Press "Enter" to skip to content

The Eternal Anne

What comes to mind about being 13 years old? Some people may remember their very first year of high school, or maybe even the first time they ever “like-liked” someone. Others might recall a best friend or perhaps wishing to finally have real friends. Anne Frank, a Jew in 1942 Amsterdam, lived a very different life than most young girls. Under Hitler’s command, Jews were not permitted to go to the library, movie theater or even use street cars. Her entire life was dictated for her, and she was only 13 years old.

An 8 p.m. curfew was enforced, and a yellow Star of David had to be worn on all articles of clothing. Their identity cards were even stamped with a large letter “J,” as though their religion were a disease for others to avoid getting close to. Anne Frank’s life is a typically well-known one, thanks to the diary she kept during her time in hiding. “The Diary of Anne Frank” was a play written by Frances Goodrich and Albert Hackett, based on the novel “Anne Frank: The Diary of a Young Girl.” It depicts the well-known account of Anne’s experience hiding in the annex that served as her home for two years.

Directed by the University of Maryland, Baltimore County’s very own Eve Muson, this production was performed at Chesapeake Shakespeare Company in Baltimore, in a completely unique way. The stage, though typically sparse for the company’s productions of Shakespeare’s plays, was beautifully adapted to accommodate an intricate three-story set. The primary setting was on the lowest level on the stage itself and the other two stories were built upstage, against the back wall. The design of the set resembled the small rooms and levels of the annex. The Frank family went into hiding after Margo, Anne’s older sister, had been ordered to report to a forced labor camp.

The Franks made it appear as though they had fled: leaving the beds unmade, breakfast on the table and even abandoning their cat. Though the Franks’ friends and family were led to believe they had fled somewhere safe, they had really just hidden two and a half miles away from their home in the annex of Anne’s father’s office building. They hid with another family, the Van Pels, given the pseudonym Van Daan in Anne’s journal, and were later joined by Mister Dussel.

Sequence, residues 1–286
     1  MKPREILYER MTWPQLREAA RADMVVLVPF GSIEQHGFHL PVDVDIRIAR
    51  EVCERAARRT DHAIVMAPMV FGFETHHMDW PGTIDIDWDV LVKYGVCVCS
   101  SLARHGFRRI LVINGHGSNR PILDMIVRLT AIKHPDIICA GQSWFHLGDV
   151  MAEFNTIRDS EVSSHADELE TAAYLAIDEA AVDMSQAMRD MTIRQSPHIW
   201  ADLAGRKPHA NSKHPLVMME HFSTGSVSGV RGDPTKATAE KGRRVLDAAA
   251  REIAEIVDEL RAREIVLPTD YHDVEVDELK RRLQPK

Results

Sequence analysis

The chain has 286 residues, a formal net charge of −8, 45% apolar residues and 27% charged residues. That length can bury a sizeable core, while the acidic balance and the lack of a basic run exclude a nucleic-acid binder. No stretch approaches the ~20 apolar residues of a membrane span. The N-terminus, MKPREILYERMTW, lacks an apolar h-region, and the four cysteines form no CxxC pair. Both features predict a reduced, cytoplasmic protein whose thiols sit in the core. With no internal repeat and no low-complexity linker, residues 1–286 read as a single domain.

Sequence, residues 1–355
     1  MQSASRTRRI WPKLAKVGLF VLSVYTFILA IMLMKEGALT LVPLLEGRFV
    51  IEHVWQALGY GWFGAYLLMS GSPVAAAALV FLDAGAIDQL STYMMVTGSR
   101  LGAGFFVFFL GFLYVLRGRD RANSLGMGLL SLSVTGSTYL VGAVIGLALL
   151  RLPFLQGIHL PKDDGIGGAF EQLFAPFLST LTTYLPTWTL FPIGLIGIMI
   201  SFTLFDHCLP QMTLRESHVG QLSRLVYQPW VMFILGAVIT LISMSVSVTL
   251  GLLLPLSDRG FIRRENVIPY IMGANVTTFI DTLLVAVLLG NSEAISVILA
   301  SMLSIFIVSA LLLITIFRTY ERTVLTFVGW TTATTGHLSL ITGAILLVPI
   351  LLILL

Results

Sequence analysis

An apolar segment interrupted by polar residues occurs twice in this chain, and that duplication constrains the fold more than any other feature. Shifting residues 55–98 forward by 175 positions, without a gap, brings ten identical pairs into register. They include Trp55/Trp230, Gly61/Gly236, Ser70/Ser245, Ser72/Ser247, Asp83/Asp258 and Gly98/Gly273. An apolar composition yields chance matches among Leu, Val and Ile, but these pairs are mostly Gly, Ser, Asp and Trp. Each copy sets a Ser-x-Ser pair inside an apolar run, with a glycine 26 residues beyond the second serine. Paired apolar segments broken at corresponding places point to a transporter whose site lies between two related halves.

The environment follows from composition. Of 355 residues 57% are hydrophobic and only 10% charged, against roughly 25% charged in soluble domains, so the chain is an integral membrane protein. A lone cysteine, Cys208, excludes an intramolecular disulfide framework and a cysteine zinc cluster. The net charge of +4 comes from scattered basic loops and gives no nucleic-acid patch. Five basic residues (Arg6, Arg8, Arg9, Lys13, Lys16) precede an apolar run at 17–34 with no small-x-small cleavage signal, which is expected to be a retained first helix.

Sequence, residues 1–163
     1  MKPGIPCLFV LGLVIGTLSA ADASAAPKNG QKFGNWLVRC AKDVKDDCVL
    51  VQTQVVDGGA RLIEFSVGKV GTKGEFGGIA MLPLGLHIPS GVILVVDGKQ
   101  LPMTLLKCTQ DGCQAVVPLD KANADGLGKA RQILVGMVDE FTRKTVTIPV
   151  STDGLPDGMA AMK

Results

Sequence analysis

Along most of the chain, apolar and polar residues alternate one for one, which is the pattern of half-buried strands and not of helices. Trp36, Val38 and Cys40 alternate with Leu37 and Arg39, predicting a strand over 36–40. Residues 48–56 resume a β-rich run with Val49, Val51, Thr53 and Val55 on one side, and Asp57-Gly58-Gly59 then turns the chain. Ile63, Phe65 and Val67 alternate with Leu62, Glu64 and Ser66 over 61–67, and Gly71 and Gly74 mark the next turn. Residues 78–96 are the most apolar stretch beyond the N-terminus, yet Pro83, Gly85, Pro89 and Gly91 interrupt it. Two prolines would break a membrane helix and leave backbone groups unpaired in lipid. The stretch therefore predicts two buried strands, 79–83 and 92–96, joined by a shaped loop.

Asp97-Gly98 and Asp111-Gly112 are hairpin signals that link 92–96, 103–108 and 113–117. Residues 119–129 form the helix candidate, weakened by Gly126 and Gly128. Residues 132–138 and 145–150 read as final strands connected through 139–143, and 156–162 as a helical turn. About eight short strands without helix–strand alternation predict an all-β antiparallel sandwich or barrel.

This eye-opening performance was devastating, incredibly chilling and, unfortunately, all too relevant in the world today. Excerpts from Anne’s famous journal were read aloud at occasions during the performance, and these firsthand accounts of such terrible circumstances moved a large majority of the audience to tears more than once. Even when the actors were not speaking, they had incredible energy and truly captivated the audience.

The actors were engaging, so much so that the Nazi soldiers sneaking into the annex went unnoticed by the audience until the scream of a child in the audience alerted them to the horror that was about to take place. The remarkable UMBC alum Hannah Kelly stars as Anne and seamlessly brought her audience into this world with her. She showed her connection to the character onstage as well as off. She said, “The story gets told so much … It’s about real people living their real lives going through the struggle, [and] it’s so beautiful to help [these people] to live on through telling their stories.”

Hannah’s stage presence flew off the stage and danced around the room in the form of a spirited young girl living a horrific nightmare. Though the history is familiar to many, it is easy to just view it as a part of the past.

“The Diary of Anne Frank” is a beautiful, well-done story that everyone needs to see. To see the brutal events staged so vividly means opening the audience’s eyes to the true evil present in this world. Now more than ever, it is so important to remember the destruction and casualties wreaked by the Holocaust to ensure that nothing even remotely similar has the chance to happen again.